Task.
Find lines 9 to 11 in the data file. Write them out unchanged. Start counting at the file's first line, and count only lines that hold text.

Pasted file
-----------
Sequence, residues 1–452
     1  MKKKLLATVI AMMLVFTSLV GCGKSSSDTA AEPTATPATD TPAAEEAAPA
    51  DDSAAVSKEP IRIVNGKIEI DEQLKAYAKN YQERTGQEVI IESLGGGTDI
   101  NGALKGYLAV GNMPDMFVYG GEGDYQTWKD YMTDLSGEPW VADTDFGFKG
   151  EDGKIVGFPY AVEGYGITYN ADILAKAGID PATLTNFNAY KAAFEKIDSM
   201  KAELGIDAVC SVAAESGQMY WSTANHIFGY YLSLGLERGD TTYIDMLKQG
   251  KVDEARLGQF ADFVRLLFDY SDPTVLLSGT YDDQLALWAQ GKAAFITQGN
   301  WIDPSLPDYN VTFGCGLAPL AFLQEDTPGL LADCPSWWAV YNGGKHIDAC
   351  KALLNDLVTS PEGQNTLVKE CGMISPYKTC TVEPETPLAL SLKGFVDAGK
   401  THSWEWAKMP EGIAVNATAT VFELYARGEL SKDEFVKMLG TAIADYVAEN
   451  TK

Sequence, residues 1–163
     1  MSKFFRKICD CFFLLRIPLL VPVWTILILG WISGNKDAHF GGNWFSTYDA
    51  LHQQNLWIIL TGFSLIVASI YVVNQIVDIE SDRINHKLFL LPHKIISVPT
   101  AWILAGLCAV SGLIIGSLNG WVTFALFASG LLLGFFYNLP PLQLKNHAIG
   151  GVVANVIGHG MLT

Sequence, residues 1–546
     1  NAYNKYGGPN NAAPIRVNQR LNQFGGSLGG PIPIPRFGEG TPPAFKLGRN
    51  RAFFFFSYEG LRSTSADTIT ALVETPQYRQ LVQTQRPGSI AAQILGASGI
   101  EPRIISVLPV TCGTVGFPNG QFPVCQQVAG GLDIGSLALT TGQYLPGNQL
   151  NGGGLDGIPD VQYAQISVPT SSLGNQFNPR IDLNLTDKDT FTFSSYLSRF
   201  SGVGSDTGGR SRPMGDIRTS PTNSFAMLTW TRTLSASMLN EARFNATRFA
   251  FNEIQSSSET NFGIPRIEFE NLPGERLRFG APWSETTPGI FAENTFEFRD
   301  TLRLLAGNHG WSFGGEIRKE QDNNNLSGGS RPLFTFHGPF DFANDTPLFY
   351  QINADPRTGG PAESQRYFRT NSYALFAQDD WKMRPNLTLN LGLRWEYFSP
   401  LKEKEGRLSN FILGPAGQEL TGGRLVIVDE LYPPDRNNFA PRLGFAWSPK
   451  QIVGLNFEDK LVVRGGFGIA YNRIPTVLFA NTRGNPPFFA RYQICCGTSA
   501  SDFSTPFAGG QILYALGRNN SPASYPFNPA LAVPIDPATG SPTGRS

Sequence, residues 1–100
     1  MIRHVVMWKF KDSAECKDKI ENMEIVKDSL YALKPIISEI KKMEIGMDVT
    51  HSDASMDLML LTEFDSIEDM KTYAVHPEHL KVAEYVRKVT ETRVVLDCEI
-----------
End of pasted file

   351  KALLNDLVTS PEGQNTLVKE CGMISPYKTC TVEPETPLAL SLKGFVDAGK
   401  THSWEWAKMP EGIAVNATAT VFELYARGEL SKDEFVKMLG TAIADYVAEN
   451  TK